Mr. Katz first argues that although the Maryland Court of Appeals concluded that his failure to timely file and pay his taxes amounted to criminal conduct, Katz, 116 A.3d at 1007–09; see also 26 U.S.C. § 7203 (2012), this court has “no precedent” for characterizing attorney misconduct as criminal conduct, absent a criminal conviction. This is incorrect,4 and, in any event, irrelevant, as we defer to the Maryland court's characterization of Mr. Katz's misconduct.5 See In re Pennington, 921 A.2d 135, 136, 142–44 (D.C. 2007) (rejecting a lenient sentence in a reciprocal discipline case on the basis that this court must defer to “nature of the misconduct” found by the Maryland court).
Next, Mr. Katz argues that “there has been no claim of a willful failure to file tax returns; there has only been a claim of failure to timely file tax returns,” the latter of which he contends has not resulted in disbarment in the District even in cases where the attorney was convicted of a crime.6 Preliminarily, the Maryland court determined that Mr. Katz had engaged in misconduct that amount to a violation of 26 U.S.C. § 7203, which itself makes no distinction between the failure to file at all and a failure to timely file. Instead, any person required to file taxes “who willfully fails to ․ make such return ․ at the time or times required by law or regulations” is guilty of willfully failing to file taxes. 26 U.S.C. § 7203. Thus there is no legal distinction between willfully failing to file taxes until five years after they are due, as Mr. Katz did, Katz, 116 A.3d at 1003, and willfully failing to file taxes at all.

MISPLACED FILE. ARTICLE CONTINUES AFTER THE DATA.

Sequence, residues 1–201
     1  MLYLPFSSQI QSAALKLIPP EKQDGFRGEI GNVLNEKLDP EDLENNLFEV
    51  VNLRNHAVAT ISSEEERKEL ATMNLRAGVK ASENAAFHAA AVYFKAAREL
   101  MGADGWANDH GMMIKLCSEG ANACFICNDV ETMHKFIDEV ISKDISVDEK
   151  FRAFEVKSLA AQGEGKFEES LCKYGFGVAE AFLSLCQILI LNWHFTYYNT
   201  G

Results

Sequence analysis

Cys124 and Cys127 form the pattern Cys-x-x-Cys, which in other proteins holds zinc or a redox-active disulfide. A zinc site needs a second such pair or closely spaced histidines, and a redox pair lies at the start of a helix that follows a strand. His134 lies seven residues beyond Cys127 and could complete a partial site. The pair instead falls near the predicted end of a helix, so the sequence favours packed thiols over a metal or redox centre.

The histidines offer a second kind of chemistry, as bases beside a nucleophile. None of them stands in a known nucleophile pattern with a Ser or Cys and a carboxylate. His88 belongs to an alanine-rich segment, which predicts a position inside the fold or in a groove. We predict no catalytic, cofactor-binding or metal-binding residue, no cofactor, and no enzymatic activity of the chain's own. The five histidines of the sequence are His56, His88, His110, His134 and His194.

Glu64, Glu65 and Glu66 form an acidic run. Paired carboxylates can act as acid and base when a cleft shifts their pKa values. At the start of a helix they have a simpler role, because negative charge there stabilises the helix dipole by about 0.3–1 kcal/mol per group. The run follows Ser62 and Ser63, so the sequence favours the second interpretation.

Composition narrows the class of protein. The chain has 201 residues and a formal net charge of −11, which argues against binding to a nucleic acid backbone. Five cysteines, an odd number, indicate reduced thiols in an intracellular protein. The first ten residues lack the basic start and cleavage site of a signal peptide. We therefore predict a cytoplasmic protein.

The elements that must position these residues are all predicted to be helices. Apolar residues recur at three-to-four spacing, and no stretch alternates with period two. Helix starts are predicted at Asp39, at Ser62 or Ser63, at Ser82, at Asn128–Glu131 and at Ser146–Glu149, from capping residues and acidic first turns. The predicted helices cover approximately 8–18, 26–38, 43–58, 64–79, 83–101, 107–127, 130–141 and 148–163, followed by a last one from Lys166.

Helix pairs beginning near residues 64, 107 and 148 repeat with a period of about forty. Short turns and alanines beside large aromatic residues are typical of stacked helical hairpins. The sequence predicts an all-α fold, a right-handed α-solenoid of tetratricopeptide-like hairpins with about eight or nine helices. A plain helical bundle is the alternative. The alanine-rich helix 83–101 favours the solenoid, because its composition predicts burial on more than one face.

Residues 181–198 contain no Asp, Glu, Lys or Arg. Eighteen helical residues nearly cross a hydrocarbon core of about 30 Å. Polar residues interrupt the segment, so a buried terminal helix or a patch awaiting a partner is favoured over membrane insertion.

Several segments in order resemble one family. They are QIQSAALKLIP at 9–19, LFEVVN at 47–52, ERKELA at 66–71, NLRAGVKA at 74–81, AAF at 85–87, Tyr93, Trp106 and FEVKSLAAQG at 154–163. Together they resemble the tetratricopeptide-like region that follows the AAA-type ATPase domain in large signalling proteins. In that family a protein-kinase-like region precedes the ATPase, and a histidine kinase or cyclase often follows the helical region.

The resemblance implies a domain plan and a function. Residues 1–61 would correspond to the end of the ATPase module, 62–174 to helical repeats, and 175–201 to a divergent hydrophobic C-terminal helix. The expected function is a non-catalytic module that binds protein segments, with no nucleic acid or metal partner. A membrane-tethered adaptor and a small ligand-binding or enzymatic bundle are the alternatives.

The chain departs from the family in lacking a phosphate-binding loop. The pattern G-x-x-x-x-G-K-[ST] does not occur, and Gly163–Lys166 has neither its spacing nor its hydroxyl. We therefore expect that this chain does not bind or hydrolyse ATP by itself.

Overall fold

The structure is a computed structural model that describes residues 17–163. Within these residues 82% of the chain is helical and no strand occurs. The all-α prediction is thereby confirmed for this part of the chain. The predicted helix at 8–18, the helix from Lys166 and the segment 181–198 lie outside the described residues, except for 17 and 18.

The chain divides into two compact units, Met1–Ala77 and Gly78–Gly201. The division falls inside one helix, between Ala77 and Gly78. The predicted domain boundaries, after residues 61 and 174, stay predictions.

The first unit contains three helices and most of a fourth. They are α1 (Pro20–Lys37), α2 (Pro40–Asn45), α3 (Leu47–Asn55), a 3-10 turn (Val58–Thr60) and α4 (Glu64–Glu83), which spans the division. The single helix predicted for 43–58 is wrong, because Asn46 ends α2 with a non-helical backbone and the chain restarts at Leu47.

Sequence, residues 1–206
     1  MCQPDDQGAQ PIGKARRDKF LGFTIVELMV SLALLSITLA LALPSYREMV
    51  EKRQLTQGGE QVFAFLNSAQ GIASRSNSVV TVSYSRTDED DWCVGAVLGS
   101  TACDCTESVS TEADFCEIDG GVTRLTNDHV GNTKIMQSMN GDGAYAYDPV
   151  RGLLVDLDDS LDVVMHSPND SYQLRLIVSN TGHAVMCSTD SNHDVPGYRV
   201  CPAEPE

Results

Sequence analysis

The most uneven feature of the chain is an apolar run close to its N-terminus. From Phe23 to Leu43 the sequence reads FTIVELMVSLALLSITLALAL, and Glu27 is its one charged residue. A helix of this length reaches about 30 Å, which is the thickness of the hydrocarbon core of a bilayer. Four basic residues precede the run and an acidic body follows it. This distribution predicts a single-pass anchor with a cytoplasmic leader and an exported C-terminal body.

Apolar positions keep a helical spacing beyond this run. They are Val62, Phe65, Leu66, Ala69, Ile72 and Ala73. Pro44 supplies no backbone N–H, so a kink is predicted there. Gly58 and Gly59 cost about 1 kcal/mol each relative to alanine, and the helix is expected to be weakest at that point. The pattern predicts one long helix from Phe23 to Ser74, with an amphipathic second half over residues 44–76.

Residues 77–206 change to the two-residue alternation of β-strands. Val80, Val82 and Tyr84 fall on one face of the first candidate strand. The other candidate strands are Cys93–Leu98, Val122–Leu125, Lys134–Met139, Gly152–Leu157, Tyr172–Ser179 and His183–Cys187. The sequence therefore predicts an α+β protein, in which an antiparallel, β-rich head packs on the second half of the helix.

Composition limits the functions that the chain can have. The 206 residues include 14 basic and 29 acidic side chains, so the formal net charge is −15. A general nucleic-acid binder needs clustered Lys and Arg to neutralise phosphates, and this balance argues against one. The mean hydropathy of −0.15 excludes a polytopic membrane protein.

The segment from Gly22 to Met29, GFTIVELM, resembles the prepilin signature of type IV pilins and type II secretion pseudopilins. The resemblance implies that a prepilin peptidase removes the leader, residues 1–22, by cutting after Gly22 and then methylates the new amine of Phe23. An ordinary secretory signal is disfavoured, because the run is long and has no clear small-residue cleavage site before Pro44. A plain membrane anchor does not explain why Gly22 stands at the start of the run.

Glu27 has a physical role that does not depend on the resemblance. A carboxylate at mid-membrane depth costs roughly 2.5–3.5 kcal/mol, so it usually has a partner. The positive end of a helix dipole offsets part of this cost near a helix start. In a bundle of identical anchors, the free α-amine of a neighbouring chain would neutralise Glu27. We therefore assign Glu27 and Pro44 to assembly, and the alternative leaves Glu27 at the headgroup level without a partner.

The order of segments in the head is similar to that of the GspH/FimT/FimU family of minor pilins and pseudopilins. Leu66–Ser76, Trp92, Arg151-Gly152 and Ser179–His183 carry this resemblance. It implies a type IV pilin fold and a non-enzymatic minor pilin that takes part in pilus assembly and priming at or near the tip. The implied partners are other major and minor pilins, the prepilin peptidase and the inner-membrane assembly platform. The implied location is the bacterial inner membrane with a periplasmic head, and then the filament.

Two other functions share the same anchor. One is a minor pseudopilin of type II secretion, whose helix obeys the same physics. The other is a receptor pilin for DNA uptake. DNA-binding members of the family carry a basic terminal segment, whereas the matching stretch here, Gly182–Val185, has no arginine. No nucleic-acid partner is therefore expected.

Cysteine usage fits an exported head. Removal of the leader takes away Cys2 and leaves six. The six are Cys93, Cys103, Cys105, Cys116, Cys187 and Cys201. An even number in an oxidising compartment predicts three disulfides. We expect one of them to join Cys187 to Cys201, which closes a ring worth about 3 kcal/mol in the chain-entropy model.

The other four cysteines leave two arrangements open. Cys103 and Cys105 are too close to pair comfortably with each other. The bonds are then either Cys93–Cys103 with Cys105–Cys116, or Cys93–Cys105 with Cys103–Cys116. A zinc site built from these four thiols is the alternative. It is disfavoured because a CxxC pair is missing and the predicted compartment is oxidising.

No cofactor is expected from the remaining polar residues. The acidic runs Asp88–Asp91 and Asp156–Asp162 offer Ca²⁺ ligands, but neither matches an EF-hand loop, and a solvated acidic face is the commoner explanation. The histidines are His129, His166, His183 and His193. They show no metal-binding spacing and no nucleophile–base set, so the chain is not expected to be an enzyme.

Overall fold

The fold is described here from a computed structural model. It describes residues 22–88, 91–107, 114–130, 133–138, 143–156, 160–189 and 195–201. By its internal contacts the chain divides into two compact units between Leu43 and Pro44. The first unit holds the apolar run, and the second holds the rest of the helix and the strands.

More to the point, Mr. Katz cites no cases from this jurisdiction where we have declined to disbar someone for failing to timely pay, over a period of many years, millions of dollars in taxes owed. Instead Mr. Katz relies on our decision in In re Kerr, 611 A.2d 551 (D.C. 1992), arguing that the attorney's conduct in that case was more egregious because it resulted in a criminal conviction, and yet the attorney was only suspended.7 We disagree. That attorney “knowingly filed [one] false federal income tax return” by failing to claim $8,000 of income, but he later amended his return and paid taxes due. In re Kerr, 611 A.2d at 552. By contrast, Mr. Katz filed his federal tax returns one to five years late for fourteen years, during which period he “grossly underpaid” his federal taxes even though he “had available to him large amounts of discretionary income” which could have been used to fulfill his tax obligations. Katz, 116 A.3d at 1006, 1008–09 (noting that “there is no indication that Katz used the money for anything other than personal, excessive expenditures”). In the Maryland court's view, Mr. Katz's “willful[ ] fail[ure] to file his federal income tax returns” amounted to fraud and “intentional dishonest conduct for personal gain.” Id. at 1009, 1012. Thus, on the undisputed facts and the Maryland court's characterization of those facts, which Mr. Katz has not contested, his misconduct was far more egregious than the misconduct of Mr. Kerr. The mere fact that Mr. Katz was never criminally prosecuted does not alter our conclusion on this point.8